Vaslav Nijinsky and Anna Pavlova in a tinted 1909 publicity photograph for Les Ballets Russes' Le Pavillon d'Armide, choreographed by Michel Fokine to music by Nikolai Tcherepnin, libretto and costumes by Alexandre Benois (1907)
Costume design for Armide, Le Pavillon d'Armide (1907).
Alexandre Benois. Silver paint, brush, ink, lead pencil, white paint, watercolour on paper. Tretyakov Gallery.
Le Pavillon d'Armide is a ballet in one act and three scenes choreographed by Michel Fokine with music by Nikolai Tcherepnin on a libretto by Alexandre Benois. The work was first presented on 25 November 1907 at the Mariinsky Theatre in Saint Petersburg, with Anna Pavlova in the role of Armida.
Elizaveta Gerdt, the Russian ballerina and teacher, was born in St Petersburg on April 29, 1891.
A daughter of celebrated dancer Paul Gerdt, she studied under Michel Fokine at the Imperial Ballet School, where her chief partner was Vaslav Nijinsky. She married another popular danseur, Samuil Adrianov (1884-1917; the first husband), who danced with Pierina Legnani and Mathilde Kschessinska, two ballerinas she sought to emulate.
After the Russian Revolution Elizaveta Gerdt and Olga Spesivtseva were the only world-class dancers who chose to remain in Russia, while others emigrated to the West.
In 1928, after 20 years of dancing, she resolved to abandon the stage and devote herself to teaching. She taught the class of perfection for the female dancers in the Leningrad Opera and Ballet Theatre together with teaching the girls in her Alma mater (1927-1934). Then she moved from Leningrad to Moscow. There she taught the class for the female dancers at the Bolshoi Theatre, coaching ballerinas of the Bolshoi Ballet and also worked at the Moscow Ballet School (1935-1942 and 1945-1960).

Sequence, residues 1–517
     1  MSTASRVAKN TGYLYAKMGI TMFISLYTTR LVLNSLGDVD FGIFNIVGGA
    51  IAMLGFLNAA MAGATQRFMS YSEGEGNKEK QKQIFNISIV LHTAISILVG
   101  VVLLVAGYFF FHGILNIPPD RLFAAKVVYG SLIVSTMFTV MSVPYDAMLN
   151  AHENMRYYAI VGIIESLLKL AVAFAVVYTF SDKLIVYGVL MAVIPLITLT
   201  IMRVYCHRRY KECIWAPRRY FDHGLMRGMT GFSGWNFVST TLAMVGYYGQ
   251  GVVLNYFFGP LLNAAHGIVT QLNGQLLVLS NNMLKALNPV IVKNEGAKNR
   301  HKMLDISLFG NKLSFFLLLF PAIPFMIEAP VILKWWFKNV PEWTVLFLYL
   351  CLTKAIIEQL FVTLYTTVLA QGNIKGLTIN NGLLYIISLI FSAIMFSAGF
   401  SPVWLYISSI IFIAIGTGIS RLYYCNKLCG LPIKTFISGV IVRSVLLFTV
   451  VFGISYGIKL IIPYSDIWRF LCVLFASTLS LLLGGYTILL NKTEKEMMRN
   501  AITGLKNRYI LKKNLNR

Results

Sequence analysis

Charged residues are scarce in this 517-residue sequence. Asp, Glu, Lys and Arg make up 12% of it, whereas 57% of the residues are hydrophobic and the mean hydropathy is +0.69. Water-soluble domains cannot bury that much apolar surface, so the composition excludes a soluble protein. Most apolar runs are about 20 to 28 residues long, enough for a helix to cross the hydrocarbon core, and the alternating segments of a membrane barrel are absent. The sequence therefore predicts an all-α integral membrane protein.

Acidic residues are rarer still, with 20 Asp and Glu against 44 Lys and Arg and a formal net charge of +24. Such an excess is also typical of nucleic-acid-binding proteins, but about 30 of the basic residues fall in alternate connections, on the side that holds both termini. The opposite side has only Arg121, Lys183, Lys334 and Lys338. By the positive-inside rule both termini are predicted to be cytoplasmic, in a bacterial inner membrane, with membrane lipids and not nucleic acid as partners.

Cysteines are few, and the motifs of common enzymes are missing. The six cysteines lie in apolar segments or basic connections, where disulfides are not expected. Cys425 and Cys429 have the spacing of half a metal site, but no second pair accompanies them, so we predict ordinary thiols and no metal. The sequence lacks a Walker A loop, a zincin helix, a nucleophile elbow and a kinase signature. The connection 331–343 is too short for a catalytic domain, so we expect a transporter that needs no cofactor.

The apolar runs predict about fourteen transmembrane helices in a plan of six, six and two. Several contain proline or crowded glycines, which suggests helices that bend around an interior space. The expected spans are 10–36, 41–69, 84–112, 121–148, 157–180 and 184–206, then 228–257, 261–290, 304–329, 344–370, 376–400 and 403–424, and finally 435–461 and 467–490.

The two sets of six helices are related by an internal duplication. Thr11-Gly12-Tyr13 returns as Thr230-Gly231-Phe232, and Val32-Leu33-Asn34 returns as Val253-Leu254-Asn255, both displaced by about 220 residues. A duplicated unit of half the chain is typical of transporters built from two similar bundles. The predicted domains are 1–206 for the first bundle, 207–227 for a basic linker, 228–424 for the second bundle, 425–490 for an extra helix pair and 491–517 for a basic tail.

Among her students were Alla Shelest (in Leningrad), Irina Tikhomirnova, Maya Plisetskaya, Violetta Bovt, Mira Redina, Raisa Struchkova, Ekaterina Maksimova (in Moscow). With some of them she continued to collaborate at the theatre. Thus she coached Sulamith Messerer and later her niece Maya Plisetskaya.
He was climbing the statue-group in the centre of the pool–an elaborate affair of twined mermaids and dolphins, supporting a basin which crouched an amorino, blowing from a conch-shell a high spout of dancing water. Up and up went the slim chequered figure, dripping and glittering like a fantastic water-creature. He caught the edge of the upper basin with his hands, swung for a moment and lifted. Even in that moment, Willis felt a pang of reluctant admiration. It was the easy, unfretted motion of the athlete, a display of muscular strength without jerk or effort. Then his knee was on the basin. He was up and climbing upon the bronze cupid. Yet another moment and he was kneeling upon the figure’s stooped shoulders–standing upright upon them, the spray of the fountain blowing around him.
–Dorothy L. Sayers, Murder Must Advertise, Chapter IV. “Remarkable Acrobatics of a Harlequin,” 1933.
Image: Michel Fokine in Harlequin costume, c. 1910. (x)
Ballets Russes Programme Officiel, front cover (1914). Valentine Hugo and Comœdia illustré. Columbia University Libraries.
Program for the 9th season of the Ballets Russes. Michel Fokine, choreographic director, and Vera Fokina, lead in Schéhérazade. Costumes by Leon Bakst. Watercolor on cover by Valentine Gross (Hugo). Program edited by the Comœdia illustré.
Anna Pavlova and Vaslav Nijinsky as Armida and her slave in Le Pavillon d’Armide, 1907.
Le Pavillon d'Armide is a ballet in one act and three scenes choreographed by Michel Fokine. It was first presented on 25 November 1907 at the Mariinsky Theatre in Saint Petersburg, with staging and costumes by Alexandre Benois. Principal dancers Pavlova in the role of Armida, Nijinsky as her slave, and Pavel Gerdt as the Vicomte René de Beaugency.